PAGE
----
Papers

Probiotics in prevention of antibiotic associated diarrhoea: meta-analysis

BMJ 2002; 324 doi: http://dx.doi.org/10.1136/bmj.324.7350.1361 (Published 08 June 2002) Cite this as: BMJ 2002;324:1361
  1. Aloysius L D'Souza, research fellow (aloysius.dsouza{at}ic.ac.uk),
  2. Chakravarthi Rajkumar, senior lecturer and honorary consultant,
  3. Jonathan Cooke, statistician,
  4. Christopher J Bulpitt, professor of geriatric medicine
  1. Care of the Elderly Section, Faculty of Medicine, Imperial College School of Medicine, Hammersmith Hospital, London W12 0NN
  1. Correspondence to: A L D'Souza
  • Accepted 7 November 2001

Abstract

Objective: To evaluate efficacy of probiotics in prevention and treatment of diarrhoea associated with the use of antibiotics.

Design: Meta-analysis; outcome data (proportion of patients not getting diarrhoea) were analysed, pooled, and compared to determine odds ratios in treated and control groups.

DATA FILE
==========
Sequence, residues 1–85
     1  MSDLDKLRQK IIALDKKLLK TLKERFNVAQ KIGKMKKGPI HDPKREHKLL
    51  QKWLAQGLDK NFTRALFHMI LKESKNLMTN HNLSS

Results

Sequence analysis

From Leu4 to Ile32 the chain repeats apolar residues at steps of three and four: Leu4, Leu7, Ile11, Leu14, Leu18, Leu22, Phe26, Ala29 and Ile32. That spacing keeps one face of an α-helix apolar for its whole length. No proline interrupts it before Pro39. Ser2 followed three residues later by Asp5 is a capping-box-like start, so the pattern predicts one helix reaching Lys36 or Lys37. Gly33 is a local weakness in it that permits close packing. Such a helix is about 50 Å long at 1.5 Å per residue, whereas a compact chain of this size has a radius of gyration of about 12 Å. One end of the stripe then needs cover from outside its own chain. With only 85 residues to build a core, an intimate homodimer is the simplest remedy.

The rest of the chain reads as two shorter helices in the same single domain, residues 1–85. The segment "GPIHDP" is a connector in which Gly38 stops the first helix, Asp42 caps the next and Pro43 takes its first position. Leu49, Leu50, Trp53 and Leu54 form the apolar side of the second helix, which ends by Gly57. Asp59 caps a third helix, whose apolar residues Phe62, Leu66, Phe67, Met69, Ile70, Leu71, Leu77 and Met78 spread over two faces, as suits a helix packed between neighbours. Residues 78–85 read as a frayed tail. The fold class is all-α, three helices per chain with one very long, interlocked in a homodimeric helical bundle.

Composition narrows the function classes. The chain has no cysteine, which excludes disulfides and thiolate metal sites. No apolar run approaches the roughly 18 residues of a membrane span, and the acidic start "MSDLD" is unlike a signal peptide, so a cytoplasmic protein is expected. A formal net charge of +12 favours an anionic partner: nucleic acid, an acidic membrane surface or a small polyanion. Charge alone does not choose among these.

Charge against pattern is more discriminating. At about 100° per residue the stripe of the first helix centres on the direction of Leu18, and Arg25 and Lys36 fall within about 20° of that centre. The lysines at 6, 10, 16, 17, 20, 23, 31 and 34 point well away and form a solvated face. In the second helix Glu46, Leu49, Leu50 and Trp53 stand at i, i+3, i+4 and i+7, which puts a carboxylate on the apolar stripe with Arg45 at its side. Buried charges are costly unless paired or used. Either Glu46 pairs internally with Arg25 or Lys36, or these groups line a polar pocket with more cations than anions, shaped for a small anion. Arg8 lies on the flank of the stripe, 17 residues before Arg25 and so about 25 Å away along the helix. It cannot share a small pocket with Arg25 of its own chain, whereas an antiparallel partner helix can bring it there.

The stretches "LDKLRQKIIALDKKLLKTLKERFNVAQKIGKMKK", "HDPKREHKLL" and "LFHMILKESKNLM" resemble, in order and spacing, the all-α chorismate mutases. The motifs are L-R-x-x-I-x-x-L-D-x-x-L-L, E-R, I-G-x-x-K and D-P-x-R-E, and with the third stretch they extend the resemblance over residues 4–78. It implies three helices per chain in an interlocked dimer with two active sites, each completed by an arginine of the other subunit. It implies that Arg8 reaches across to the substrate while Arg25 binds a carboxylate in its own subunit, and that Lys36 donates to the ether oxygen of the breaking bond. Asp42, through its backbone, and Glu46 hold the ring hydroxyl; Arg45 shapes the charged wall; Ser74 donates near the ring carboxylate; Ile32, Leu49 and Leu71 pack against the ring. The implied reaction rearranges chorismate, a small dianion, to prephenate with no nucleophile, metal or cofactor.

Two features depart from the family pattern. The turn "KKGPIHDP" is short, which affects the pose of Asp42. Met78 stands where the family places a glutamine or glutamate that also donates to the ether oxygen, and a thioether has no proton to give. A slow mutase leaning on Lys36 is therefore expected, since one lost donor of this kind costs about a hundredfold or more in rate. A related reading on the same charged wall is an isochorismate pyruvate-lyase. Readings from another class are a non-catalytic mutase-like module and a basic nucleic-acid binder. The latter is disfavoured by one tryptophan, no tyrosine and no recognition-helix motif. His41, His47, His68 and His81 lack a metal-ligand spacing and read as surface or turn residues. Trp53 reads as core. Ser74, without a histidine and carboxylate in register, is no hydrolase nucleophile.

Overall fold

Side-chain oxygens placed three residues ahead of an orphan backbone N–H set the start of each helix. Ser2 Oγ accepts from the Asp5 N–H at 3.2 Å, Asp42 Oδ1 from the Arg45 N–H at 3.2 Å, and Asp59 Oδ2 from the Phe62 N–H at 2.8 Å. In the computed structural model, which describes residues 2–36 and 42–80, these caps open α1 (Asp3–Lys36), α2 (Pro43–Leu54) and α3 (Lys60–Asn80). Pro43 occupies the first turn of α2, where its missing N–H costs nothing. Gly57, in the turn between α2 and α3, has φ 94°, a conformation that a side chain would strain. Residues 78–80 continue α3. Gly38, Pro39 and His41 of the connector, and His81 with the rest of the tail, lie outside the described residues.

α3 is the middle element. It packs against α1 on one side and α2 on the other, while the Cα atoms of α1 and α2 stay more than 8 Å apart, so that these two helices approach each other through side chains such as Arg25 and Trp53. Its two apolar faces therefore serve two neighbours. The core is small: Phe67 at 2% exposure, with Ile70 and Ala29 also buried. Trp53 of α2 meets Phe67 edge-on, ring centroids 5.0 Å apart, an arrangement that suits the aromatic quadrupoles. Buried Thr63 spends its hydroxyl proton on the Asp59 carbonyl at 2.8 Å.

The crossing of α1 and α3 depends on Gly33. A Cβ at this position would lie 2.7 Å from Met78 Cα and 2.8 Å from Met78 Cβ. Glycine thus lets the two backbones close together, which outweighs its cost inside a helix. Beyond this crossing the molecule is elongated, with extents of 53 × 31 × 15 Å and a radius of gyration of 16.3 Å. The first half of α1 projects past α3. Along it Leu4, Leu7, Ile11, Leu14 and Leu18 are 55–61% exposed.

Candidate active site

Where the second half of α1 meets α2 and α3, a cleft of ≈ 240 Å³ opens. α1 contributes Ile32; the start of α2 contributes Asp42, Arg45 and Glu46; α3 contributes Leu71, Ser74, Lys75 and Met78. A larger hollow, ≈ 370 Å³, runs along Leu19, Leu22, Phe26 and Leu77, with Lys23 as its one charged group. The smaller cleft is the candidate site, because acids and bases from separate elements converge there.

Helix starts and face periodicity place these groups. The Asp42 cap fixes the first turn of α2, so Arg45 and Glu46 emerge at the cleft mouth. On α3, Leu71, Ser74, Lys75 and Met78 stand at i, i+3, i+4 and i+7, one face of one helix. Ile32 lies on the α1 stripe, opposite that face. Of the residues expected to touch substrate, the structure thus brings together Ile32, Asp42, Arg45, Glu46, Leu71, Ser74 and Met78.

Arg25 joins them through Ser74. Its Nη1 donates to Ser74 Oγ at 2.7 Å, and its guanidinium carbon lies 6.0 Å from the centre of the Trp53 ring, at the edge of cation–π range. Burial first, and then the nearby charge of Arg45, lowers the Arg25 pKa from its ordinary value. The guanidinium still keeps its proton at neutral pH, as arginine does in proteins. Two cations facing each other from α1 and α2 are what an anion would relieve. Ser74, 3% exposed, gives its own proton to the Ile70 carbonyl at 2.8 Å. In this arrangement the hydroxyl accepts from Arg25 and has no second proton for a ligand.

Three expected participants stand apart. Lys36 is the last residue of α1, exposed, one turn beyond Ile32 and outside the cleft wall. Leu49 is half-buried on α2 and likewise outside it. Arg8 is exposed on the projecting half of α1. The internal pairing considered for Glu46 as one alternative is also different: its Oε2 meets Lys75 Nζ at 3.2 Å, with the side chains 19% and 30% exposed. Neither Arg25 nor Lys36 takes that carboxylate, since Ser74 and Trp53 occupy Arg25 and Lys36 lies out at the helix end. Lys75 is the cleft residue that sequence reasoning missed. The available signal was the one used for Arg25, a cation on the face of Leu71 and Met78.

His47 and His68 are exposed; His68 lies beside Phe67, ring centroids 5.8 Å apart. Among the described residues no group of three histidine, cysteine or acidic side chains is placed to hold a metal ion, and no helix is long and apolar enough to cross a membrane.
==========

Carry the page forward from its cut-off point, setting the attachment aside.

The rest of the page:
Identification: Studies identified by searching Medline between 1966 and 2000 and the Cochrane Library.

Studies reviewed Nine randomised, double blind, placebo controlled trials of probiotics.

Results: Two of the nine studies investigated the effects of probiotics in children. Four trials used a yeast (Saccharomyces boulardii), four used lactobacilli, and one used a strain of enterococcus that produced lactic acid. Three trials used a combination of probiotic strains of bacteria. In all nine trials, the probiotics were given in combination with antibiotics and the control groups received placebo and antibiotics. The odds ratio in favour of active treatment over placebo in preventing diarrhoea associated with antibiotics was 0.39 (95% confidence interval 0.25 to 0.62; P<0.001) for the yeast and 0.34 (0.19 to 0.61; P<0.01 for lactobacilli. The combined odds ratio was 0.37 (0.26 to 0.53; P<0.001) in favour of active treatment over placebo.

Conclusions: The meta-analysis suggests that probiotics can be used to prevent antibiotic associated diarrhoea and that S boulardii and lactobacilli have the potential to be used in this situation. The efficacy of probiotics in treating antibiotic associated diarrhoea remains to be proved. A further large trial in which probiotics are used as preventive agents should look at the costs of and need for routine use of these agents.

Footnotes

  • Editorial by Barbut and Meynard

  • Funding No funding was sought or obtained for the conduct of this study.

  • Competing interests None declared.

  • Accepted 7 November 2001
View Full Text